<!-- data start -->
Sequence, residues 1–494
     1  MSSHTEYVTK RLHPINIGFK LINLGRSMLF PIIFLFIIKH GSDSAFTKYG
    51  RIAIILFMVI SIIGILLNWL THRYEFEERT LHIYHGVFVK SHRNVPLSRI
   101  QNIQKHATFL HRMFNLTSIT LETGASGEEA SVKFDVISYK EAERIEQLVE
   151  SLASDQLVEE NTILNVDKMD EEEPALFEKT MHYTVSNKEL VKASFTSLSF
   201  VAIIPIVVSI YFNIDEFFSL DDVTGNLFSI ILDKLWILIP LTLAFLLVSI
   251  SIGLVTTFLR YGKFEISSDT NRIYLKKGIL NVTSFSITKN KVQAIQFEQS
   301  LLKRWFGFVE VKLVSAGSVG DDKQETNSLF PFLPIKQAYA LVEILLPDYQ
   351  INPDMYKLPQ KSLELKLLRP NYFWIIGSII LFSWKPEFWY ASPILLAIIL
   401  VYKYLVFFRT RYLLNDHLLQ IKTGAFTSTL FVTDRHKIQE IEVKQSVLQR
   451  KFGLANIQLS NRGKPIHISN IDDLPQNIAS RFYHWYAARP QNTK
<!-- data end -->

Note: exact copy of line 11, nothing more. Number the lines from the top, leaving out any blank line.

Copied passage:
   451  KFGLANIQLS NRGKPIHISN IDDLPQNIAS RFYHWYAARP QNTK